Nov. 5, 2008 A discovery from the Oklahoma Medical Research Foundation has put scientists are one step closer to finding a defense against dangerous antibiotic-resistant bacteria, sometimes called “superbugs.”
In a study that will be published in the Nov. 11 edition of the Proceedings of the National Academy of Sciences, OMRF researchers Philip Silverman, Ph.D., and Margaret Clarke, Ph.D., have obtained the first visual evidence of a key piece in the puzzle of how deadly superbugs spread antibiotic resistance in hospitals and throughout the general population.
“These ‘superbugs’ have become increasingly common since the widespread use of antibiotics began and they are now a serious public health menace,” said Silverman, who holds the Marjorie Nichlos Chair in Medical Research at OMRF. “Now, for the first time, we can begin to see, literally, how they acquire and disseminate antibiotic resistance.”
Last year, a government report estimated that nearly 19,000 people in the United States had died in a single year after being infected with the virulent superbug known as methicillin-resistant Staphylococcus aureus, or MRSA.
“MRSA and other antibiotic-resistant bugs are one of the greatest threats facing health care today,” said OMRF President Stephen Prescott, M.D. “These infections are easily transmitted—they make their way into the body through breaks in the skin, even microscopic ones, and through nasal passages. They resist treatment with standard antibiotics, which makes them dangerous. And they are particularly threatening in hospitals, because they attack patients whose immune systems may already be compromised.”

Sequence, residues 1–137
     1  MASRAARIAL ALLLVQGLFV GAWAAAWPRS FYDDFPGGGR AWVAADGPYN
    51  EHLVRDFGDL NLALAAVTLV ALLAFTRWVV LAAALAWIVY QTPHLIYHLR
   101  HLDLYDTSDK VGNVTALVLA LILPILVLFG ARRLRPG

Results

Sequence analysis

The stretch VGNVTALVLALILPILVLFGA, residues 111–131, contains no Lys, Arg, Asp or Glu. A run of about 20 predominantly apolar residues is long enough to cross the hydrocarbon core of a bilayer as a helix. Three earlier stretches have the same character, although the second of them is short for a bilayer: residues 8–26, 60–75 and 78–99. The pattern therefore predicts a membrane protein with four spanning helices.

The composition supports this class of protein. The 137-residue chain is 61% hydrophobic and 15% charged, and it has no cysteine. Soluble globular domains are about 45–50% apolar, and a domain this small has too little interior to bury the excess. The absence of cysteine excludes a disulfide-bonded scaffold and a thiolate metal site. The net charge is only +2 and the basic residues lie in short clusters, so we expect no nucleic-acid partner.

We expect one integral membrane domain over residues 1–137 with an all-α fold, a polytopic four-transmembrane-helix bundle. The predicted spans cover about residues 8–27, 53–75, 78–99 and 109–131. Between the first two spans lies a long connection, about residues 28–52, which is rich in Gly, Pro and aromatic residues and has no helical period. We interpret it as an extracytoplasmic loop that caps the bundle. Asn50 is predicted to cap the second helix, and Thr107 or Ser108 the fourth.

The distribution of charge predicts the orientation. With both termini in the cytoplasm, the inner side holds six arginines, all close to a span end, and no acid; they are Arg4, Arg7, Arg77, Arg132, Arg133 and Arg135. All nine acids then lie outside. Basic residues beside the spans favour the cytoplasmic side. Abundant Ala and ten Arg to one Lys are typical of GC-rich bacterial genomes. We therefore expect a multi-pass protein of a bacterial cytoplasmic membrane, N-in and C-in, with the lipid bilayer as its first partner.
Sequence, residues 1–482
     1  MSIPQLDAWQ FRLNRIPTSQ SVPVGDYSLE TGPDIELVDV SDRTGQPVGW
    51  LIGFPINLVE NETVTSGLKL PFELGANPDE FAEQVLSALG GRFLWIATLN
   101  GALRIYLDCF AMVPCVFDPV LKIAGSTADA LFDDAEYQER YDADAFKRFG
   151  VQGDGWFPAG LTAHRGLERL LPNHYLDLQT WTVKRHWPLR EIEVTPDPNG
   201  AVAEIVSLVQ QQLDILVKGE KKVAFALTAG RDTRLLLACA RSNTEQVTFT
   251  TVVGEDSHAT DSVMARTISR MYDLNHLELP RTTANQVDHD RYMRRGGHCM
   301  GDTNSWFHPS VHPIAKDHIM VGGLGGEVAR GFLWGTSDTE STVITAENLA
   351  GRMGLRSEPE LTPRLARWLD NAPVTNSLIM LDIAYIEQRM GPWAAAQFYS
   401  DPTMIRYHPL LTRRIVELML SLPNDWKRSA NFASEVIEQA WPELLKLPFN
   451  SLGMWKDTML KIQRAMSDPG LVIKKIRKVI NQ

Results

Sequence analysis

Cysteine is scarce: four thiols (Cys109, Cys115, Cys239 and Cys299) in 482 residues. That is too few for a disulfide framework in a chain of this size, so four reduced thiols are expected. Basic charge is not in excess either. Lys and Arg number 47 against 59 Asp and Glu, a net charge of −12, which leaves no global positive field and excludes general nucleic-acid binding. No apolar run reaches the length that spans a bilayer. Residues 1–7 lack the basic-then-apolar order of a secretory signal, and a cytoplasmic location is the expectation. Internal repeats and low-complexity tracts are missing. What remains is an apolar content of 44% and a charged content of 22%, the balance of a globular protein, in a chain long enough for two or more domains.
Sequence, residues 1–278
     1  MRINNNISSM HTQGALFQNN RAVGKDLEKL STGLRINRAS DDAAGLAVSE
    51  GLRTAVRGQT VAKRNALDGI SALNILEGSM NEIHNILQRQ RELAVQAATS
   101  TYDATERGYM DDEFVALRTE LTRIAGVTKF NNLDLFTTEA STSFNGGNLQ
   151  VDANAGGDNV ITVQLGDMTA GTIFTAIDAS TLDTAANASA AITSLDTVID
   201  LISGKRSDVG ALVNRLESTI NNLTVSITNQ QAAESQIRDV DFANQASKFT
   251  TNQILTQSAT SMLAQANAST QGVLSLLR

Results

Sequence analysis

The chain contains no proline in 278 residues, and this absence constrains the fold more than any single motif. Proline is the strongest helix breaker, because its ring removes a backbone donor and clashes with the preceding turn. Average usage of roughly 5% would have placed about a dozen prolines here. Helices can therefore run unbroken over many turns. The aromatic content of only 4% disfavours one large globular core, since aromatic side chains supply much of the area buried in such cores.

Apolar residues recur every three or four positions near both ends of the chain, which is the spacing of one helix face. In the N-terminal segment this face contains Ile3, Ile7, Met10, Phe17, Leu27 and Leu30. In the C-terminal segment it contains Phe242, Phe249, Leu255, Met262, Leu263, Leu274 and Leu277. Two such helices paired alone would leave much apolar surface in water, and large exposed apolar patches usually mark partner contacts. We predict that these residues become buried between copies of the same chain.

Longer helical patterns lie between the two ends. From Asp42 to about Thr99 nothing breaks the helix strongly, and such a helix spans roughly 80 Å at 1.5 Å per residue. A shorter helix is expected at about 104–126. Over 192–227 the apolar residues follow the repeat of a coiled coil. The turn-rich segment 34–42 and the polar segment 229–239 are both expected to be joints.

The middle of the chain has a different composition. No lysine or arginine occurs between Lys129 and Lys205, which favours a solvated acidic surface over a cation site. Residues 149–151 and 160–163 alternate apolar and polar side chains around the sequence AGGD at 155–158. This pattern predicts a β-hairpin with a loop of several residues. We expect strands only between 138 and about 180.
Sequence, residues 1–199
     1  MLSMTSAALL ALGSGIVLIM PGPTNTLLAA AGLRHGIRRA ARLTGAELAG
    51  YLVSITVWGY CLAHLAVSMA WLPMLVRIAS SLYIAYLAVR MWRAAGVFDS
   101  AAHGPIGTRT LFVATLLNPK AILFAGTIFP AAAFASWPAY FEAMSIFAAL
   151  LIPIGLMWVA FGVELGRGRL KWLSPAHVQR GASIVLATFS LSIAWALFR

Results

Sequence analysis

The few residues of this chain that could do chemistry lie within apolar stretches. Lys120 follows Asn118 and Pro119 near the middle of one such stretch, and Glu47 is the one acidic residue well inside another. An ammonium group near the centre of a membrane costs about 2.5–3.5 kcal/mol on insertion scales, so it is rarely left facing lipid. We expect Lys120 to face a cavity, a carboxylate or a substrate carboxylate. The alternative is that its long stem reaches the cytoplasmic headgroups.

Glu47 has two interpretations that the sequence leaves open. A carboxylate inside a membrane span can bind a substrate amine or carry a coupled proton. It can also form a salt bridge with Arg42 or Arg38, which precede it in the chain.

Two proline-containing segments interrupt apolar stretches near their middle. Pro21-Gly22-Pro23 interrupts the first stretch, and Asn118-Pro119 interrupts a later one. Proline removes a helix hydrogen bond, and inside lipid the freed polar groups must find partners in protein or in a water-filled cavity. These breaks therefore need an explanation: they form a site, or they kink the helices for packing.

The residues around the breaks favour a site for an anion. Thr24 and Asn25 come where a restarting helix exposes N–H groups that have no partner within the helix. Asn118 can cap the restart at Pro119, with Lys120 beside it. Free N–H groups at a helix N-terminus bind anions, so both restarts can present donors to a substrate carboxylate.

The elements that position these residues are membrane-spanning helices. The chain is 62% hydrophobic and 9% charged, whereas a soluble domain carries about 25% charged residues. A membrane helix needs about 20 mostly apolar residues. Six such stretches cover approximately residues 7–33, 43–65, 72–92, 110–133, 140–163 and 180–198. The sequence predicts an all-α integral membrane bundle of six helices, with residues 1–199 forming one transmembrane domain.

The new study from OMRF casts light on the role that structures known as conjugative pili—slender, thread-like bacterial filaments —play in spreading antibiotic resistance. Although scientists have known for decades that these filaments are required to transmit antibiotic resistance genes from one bacterium to another, Silverman and Clarke are the first to capture images of them as they extend and retract on live cells.
The OMRF research team, which included Cindy Maddera and Robin Harris, attached a fluorescent dye to a virus, which in turn bound specifically to the filaments on live bacteria. This allowed the behavior of the filaments to be recorded with a high-powered fluorescence microscope. Using this process, the scientists were able to capture a detailed series of images showing filament growth, attachment to other cells, and retraction to pull the cells together in preparation for genetic transfer.
“This is an important step forward in understanding how antibiotic resistance spreads,” said Silverman. Silverman and Clarke will continue to study the ways in which antibiotic resistance spreads. The aim of that work will be to help develop a better understanding of—and, ultimately, tools to combat—this life-threatening phenomenon.
“More people in the U.S. die of MRSA each year than of HIV/AIDS,” said Silverman. “It’s crucial that we do all we can to combat this profound threat to human health.”
The research, which was done in collaboration with OMRF’s Imaging Center, was funded through grants from the National Science Foundation and the Oklahoma Center for the Advancement of Science and Technology.
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